The number of incidents of cargo theft in the United States is down slightly compared to a year ago, according to the latest report from FreightWatch International.
The 178 verified incidents of cargo theft in April, May and June 2015 represent a 7 percent decrease compared with the same time period last year, according to a new report published Monday. The average loss value per incident of $189,307 is less than 1 percent greater than the average loss values from the same time period in 2014. The report notes that both first quarter 2014 and 2015 had a combined nine thefts of over $1 million per load, but so far no such high-value thefts have been reported in the second quarter of 2015.
FreightWatch, which specializes in tracking supply chain information and cargo thefts around the globe, publishes quarterly reports in addition to an annual report on cargo theft. The report also states that figures from the most recent quarter are expected to rise in the coming weeks, due to what the company in the past has referred to as a “substantial underreporting” of cargo thefts nationwide.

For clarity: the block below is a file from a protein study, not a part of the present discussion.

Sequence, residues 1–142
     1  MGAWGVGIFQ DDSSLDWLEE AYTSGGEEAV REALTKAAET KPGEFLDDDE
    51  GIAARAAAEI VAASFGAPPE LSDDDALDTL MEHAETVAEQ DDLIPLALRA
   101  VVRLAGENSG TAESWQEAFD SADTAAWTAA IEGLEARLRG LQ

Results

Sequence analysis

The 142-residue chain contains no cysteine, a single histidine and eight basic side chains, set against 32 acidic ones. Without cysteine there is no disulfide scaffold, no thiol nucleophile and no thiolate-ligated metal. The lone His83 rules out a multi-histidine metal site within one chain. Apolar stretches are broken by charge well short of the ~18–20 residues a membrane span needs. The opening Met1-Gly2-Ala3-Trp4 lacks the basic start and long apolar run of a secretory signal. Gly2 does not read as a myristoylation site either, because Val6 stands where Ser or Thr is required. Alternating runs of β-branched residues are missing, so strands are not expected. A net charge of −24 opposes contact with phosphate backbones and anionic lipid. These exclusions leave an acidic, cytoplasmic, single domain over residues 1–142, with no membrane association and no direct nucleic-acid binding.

Food and drinks continue to be the most-stolen product type, accounting for 16 percent of total thefts in the U.S. during the quarter. Home and garden supplies leapfrogged electronics as the second- and third-most stolen cargo type, accounting for 14 and 13 percent of all reported thefts respectively.
Texas displaced New Jersey to become the top state where cargo thefts were reported, with 32 incidents, followed by California and Florida at 30 reported incidents. Georgia rounded out the top five.
Roughly 90 percent of all reported thefts occurred in unsecured parking, with 23 percent of those thefts occurring at truck stops. Thefts from warehouses and distribution centers accounted for 6 percent of thefts, followed by secured parking locations with 3 percent in the quarter.
The report also states that full truckload thefts were the most common type during the quarter, accounting for 83 percent of all reported thefts. Pilferage, with 8 percent, was second-most and fictitious pickup accounted for roughly 5 percent of all reported thefts.
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